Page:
Bibi Netanyahu is visiting China where he’s negotiated trade deals, lobbied unsuccessfully for a tougher Chinese diplomatic stance against Iran, and likely cooked up some secret arms deals with the Chinese military. But one of the oddest of his public appearances was at the Great Wall, where he extolled its supposed virtues and promised to adopt them for Israel:
You know, this Wall served as an inspiration for me. We built the barriers to protect Israel from the south. Ultimately, we’ll have Israel covered with them everywhere.
He was later quoted amplifying on this thought:
“Just as the Chinese defended themselves by barricading themselves behind the Great Wall, so to will we [Israel] fortify ourselves along the southern border, the Golan Heights and all fronts.”
Leaving aside the debate about the utility of Israel’s Separation Wall, let’s look at walls in human history. There is a human impulse to isolate oneself from enemies. If you don’t have to see things that are unpleasant, it makes life so much more comfortable. Hadrian did it. The French did it with the Maginot Line. The Israeli tries tried it with the Bar-Lev Line. And the East Germans tried it in Berlin.
Deb Reich penned a study of various historic walls and found that none, including the Great Wall, ultimately succeeded in their goal of keeping undesirables out of the homeland:
Emperor Meng T’ien (Qin Dynasty) began the Great Wall of China in 221 BCE, with 300,000 workers, to keep out the Huns. Additions were made over the next 1,700 years. All told, it’s around 6,400 km long, up to 50 feet high, 15 to 30 feet wide at the base, and dotted with guard towers. Nowadays, of course, it’s a tourist attraction: Westerners admire it, but for the Chinese it signifies mainly their eventual defeat by the Manchurians.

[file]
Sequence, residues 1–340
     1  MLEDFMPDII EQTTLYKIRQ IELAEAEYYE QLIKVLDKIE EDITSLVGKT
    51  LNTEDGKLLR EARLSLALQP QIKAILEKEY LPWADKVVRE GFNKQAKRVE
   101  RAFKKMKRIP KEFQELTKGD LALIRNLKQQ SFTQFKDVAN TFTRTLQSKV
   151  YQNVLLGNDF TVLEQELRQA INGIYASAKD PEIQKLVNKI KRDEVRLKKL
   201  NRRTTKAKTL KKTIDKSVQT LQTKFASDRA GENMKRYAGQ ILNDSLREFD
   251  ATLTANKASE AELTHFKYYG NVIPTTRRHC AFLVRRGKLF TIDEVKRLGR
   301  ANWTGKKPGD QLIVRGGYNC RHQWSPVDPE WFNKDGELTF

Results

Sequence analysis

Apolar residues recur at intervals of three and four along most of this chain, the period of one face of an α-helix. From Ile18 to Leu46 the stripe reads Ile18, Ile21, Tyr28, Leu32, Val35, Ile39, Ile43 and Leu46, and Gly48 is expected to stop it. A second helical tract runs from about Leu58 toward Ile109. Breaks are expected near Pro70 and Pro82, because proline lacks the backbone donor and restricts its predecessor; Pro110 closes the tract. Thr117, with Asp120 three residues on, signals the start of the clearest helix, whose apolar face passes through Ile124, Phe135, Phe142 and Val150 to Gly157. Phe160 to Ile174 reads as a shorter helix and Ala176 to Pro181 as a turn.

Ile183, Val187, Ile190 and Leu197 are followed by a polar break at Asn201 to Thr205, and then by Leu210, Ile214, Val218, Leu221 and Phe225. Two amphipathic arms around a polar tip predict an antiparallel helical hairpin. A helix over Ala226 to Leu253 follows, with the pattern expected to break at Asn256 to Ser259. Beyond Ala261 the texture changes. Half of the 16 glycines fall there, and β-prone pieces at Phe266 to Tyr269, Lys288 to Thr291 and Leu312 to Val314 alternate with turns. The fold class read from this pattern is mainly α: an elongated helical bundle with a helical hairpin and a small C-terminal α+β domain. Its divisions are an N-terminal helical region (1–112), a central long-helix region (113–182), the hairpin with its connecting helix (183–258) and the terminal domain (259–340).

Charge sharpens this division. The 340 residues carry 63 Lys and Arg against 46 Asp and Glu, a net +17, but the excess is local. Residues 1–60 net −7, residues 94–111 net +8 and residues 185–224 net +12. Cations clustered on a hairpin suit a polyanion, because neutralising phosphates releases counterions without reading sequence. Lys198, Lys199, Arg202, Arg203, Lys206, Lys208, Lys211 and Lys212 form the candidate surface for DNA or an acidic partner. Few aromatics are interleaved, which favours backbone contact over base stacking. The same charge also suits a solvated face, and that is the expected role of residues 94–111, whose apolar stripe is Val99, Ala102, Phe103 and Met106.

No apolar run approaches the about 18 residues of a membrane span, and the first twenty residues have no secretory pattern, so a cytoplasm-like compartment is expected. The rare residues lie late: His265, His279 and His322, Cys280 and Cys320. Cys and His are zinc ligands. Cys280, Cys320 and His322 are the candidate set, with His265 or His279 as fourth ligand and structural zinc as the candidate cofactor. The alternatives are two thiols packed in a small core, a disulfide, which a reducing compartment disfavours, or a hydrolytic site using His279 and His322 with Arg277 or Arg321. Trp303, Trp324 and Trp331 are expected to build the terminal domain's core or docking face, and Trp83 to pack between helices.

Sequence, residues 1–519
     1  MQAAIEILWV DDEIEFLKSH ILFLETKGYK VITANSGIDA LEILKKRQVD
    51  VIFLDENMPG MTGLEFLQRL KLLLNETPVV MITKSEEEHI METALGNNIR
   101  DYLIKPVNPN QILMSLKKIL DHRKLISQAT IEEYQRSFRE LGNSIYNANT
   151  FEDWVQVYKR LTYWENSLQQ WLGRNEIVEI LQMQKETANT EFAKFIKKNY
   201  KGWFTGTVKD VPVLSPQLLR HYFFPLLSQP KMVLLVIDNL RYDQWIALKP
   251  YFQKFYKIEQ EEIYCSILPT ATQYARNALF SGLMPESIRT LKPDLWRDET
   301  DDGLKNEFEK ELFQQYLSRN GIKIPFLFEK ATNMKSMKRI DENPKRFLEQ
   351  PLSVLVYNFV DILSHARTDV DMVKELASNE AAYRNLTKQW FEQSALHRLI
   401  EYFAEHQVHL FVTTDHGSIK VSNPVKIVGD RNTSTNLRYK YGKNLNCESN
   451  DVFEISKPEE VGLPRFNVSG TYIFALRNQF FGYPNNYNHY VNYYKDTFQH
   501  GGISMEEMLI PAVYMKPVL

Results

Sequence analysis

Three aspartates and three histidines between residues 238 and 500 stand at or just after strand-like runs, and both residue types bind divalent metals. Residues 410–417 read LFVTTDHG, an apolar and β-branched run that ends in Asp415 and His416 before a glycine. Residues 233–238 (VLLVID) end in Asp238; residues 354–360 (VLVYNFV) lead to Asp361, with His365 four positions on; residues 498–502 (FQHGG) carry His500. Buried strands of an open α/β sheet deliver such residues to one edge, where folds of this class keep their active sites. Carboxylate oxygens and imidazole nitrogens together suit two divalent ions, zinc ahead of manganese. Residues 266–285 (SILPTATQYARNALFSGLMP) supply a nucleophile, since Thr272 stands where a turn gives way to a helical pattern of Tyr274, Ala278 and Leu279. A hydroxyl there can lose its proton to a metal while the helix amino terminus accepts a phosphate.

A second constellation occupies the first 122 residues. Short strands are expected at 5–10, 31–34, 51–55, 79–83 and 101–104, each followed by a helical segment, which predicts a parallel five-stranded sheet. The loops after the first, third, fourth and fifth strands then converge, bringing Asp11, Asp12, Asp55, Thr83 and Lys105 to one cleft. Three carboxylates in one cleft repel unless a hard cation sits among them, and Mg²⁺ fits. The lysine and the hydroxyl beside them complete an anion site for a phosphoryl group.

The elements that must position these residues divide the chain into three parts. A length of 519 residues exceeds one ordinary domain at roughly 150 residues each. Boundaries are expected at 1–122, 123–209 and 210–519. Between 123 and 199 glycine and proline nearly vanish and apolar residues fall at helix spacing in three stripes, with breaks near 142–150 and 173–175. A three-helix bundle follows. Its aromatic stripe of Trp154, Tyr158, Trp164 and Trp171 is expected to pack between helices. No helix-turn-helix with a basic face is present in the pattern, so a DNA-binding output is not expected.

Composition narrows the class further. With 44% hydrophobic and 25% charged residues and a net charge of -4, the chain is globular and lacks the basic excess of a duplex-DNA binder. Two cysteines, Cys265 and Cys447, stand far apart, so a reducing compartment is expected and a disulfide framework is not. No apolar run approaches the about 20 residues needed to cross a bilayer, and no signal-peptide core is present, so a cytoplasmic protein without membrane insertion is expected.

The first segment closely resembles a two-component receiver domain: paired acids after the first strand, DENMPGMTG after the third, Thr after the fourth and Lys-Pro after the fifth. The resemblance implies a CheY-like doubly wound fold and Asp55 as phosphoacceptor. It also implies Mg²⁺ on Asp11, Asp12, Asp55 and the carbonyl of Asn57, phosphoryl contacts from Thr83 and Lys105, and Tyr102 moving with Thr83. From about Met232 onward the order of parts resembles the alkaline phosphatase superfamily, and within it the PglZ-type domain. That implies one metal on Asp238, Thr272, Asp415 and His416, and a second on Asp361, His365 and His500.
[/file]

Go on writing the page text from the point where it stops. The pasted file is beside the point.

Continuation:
Roman Emperor Hadrian’s Wall (2nd century CE) was meant to keep the northern neighbors out of Britain, but its location split the tribal lands of the Brigantes, the most powerful Celts…at the time. This little detail insured continuing trouble. A later emperor then built another wall farther north, but the cheeky Celts just rebelled again. These days, Hadrian’s Wall and Antonine’s Wall draw hikers and day-trippers; the Roman empire is long gone.
The Berlin Wall, its remnants now preserved for tourism, was erected in the middle of the night on August 13, 1961, and subsequently beefed up (to keep the East Germans in, and everyone else out). It was higher tech than the Roman stuff – 150 km of barbed wire and concrete, 3.5 meters high. JFK visited divided Berlin in June 1963 and, famously, gave good solidarity (“I am a Berliner”). Imagine what he’d say today if he came to Qalqilya.
Sharon’s Wall, planned at 500 km in length and meantime expanded to nearly 800 km and counting, is much, MUCH higher tech than the Berlin Wall ever was… But of course Sharon’s wall, too, is destined to evolve into a tourist attraction eventually. (Just ask Hadrian or any of those other guys.) Ah, for a working time machine! We could skip this cheerless, macabre interim phase and segue straight to the future theme park…
Netanyahu’s father was a professor of Jewish history. The son seems not to have absorbed any of the lessons of history his father may’ve imparted. Or else his father taught him the wrong lessons. Alternately, Bibi might’ve paid more attention to Robert Frost’s wise and knowing poem:
Before I built a wall I’d ask to know
What I was walling in or walling out,
And to whom I was like to give offence.
Something there is that doesn’t love a wall,
That wants it down.
At any rate, Bibi has lost sight of the fact that walls don’t work. Ultimately, the people or forces you’re trying to keep out have greater will than you and they overwhelm your defenses.
Unless, of course, you come to terms with them before this happens. No chance of that happening. So we’re left with the alternative, which is an Israeli wall that will eventually become a historical curiosity, because it failed in its goal of keeping Israel free of “terrorists” and marauders, those pesky Palestinians.